2013 - the year in review: Don’t hold the front page yet, as the PCC survives and the BBC wobbles on
Even Tony Hall admitted that his colleagues at the BBC had ‘lost the plot’. One MP called it ‘corporate fraud and cronyism’
Ian Burrell is Assistant Editor and Media Editor at The Independent, i paper and Independent on Sunday. He covers news from the whole media sector from television, press, radio and advertising to technology. His weekly column on the media appears every Monday in The Independent and i paper. He also writes on media, music and culture, including long-form pieces for The Independent’s Saturday magazine and the Independent on Sunday’s magazine, New Review. He is a regular presenter of BBC Radio 4’s What The Papers Say and a specialist commentator to Monocle 24 radio. He has contributed to most major broadcast outlets including BBC television and radio, CNN, Sky News, Al Jazeera and LBC. He has also written on media for GQ magazine. Ian has been reporting on the media industry for The Independent for more than a decade. Previously he was the newspaper’s Home Affairs Editor. He worked at The Sunday Times for five years, including as a member of the investigative Insight team, covering stories on political funding, industrial espionage and the arms industry. Previously he worked in ITV for London Weekend Television, on a weekly current affairs programme presented by Danny Baker. Ian trained at the Birmingham Post & Mail and was Regional Reporter of the Year in Press Gazette’s national awards.
Saturday 28 December 2013
This year was the fresh start that wasn’t. The BBC hoped to begin a new chapter after a traumatic end to 2012 that saw its Director General forced to resign over the Savile and McAlpine scandals. New D-G Tony Hall arrived from the Royal Opera House in April with a great reputation and a can-do attitude, but must have been frustrated by his progress in re-energising the organisation.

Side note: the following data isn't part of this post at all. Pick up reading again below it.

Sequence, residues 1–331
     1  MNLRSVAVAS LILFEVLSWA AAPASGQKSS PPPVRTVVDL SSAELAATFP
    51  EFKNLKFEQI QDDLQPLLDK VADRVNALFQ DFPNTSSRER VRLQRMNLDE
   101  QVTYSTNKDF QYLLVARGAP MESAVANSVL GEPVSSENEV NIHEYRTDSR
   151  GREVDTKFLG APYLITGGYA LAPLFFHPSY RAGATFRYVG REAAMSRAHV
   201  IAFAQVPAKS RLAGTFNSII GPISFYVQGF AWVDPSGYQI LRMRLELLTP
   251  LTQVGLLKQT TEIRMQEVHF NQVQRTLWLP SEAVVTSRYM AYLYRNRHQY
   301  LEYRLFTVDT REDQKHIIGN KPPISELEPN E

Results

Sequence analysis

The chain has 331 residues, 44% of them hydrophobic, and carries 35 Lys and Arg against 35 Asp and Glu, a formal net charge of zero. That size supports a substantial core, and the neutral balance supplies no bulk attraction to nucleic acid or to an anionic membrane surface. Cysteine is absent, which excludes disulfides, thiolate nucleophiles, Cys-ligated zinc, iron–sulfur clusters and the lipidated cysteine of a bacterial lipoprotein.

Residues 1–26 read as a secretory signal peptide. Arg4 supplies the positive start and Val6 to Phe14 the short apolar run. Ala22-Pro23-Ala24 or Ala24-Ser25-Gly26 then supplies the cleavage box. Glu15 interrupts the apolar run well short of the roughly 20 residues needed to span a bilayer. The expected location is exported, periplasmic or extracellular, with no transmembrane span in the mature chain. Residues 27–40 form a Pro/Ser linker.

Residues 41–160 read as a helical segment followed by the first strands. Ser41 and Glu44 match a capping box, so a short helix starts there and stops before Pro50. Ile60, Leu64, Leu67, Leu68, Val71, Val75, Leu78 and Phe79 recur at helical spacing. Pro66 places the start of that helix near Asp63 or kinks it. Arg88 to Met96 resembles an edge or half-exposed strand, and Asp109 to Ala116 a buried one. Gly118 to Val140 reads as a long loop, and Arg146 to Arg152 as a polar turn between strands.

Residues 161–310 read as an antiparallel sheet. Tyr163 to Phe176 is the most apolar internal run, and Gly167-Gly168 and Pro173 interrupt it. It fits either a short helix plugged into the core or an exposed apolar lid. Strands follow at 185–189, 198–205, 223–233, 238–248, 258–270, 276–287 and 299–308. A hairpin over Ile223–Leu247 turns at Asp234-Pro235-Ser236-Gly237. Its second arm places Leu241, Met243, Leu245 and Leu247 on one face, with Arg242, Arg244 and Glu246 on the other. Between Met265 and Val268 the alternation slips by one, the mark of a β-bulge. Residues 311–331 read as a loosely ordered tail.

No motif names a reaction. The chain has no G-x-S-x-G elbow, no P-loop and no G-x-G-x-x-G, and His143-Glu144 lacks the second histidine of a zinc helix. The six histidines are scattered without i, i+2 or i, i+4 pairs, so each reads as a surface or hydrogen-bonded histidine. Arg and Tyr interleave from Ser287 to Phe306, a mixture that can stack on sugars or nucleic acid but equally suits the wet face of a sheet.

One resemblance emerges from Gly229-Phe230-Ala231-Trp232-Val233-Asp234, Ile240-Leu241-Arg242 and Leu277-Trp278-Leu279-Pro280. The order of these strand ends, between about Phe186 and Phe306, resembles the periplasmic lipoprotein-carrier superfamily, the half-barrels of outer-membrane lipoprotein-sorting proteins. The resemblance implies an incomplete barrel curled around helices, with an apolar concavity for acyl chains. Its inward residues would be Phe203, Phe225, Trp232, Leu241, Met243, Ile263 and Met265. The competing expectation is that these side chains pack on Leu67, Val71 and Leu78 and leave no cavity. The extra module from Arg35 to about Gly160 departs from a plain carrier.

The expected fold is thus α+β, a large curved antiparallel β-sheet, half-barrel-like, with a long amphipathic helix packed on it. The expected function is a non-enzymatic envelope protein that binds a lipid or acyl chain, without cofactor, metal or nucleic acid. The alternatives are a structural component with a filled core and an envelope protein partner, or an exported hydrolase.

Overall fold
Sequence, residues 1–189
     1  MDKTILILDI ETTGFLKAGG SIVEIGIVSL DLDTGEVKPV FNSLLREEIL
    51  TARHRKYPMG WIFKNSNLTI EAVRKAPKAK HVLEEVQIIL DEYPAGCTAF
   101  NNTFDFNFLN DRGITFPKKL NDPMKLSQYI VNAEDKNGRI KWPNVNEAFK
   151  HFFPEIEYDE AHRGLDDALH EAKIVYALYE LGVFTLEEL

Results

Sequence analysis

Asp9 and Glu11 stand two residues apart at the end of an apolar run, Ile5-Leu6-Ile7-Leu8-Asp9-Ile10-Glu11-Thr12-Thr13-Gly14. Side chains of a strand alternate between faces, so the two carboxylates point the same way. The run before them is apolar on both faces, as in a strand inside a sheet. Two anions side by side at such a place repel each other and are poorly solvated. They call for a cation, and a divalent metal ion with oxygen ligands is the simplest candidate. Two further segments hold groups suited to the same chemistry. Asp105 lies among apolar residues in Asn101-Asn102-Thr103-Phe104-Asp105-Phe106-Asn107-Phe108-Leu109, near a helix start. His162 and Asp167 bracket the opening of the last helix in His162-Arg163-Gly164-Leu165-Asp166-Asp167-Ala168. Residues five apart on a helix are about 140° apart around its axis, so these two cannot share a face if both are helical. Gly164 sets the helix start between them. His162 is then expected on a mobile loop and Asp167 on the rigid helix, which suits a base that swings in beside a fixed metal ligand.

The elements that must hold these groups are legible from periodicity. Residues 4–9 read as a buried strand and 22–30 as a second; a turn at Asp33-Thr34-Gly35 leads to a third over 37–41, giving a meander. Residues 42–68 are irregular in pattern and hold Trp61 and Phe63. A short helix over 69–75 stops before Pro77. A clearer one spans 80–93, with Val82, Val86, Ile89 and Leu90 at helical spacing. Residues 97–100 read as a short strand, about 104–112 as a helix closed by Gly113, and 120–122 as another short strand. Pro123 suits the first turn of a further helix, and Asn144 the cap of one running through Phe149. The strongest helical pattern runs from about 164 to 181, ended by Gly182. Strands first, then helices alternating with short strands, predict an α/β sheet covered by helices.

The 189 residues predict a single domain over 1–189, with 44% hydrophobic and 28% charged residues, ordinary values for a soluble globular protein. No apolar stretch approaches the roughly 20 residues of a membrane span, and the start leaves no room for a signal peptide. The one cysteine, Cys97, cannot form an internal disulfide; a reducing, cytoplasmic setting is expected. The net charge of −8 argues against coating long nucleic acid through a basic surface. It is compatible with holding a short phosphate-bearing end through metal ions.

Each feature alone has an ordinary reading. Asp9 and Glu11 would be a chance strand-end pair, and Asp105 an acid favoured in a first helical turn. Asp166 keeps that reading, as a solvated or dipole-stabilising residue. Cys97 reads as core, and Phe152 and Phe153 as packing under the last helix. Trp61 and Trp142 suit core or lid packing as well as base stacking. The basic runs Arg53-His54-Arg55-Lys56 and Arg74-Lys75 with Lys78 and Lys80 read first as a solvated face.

The Savile story has not gone away. The Operation Yewtree investigation into alleged child abuse has led to charges against other high-profile BBC figures including Rolf Harris. In June, veteran BBC presenter Stuart Hall was jailed for indecently assaulting young girls. In August, former Radio 1 DJ Dave Lee Travis was charged with sex offences not relating to children.
Lord Hall scrapped a failing computer project that wasted £100m. Then BBC bosses were castigated by the National Audit Office and Public Accounts Committee for a culture that saw executives departing with vast fortunes. One MP called it “corporate fraud and cronyism”. Even Hall said colleagues had “lost the plot”.
None of this helps an organisation about to go into delicate licence fee negotiations over its future funding.
This was also to be the year of change in the regulation of the newspaper industry. And yet, to the consternation of Hugh Grant and his chums at Hacked Off, the first anniversary of the Leveson report has come and gone and the old Press Complaints Commission continues to operate.
MPs have tried to force the issue by using the medieval mechanism of the Privy Council to create a Royal Charter for press reform. But the document is being resisted by publishers who spent a busy 2013 drawing up their Independent Press Standards Organisation, which should be operational early in the New Year, though not subject to the charter.
Rupert Murdoch’s British newspaper stable is struggling to move on. The Sun got a new editor in David Dinsmore, and introduced an online paywall. But with ongoing events at the Old Bailey and in other parts of the criminal justice system, News UK looks to the move to the “Baby Shard” at London Bridge to signal a new era.
Youthful global media brands such as BuzzFeed and Vice achieved new prominence. In November, Twitter enjoyed a spectacularly successful IPO while all the tech giants suffered trust issues over revelations of snooping.
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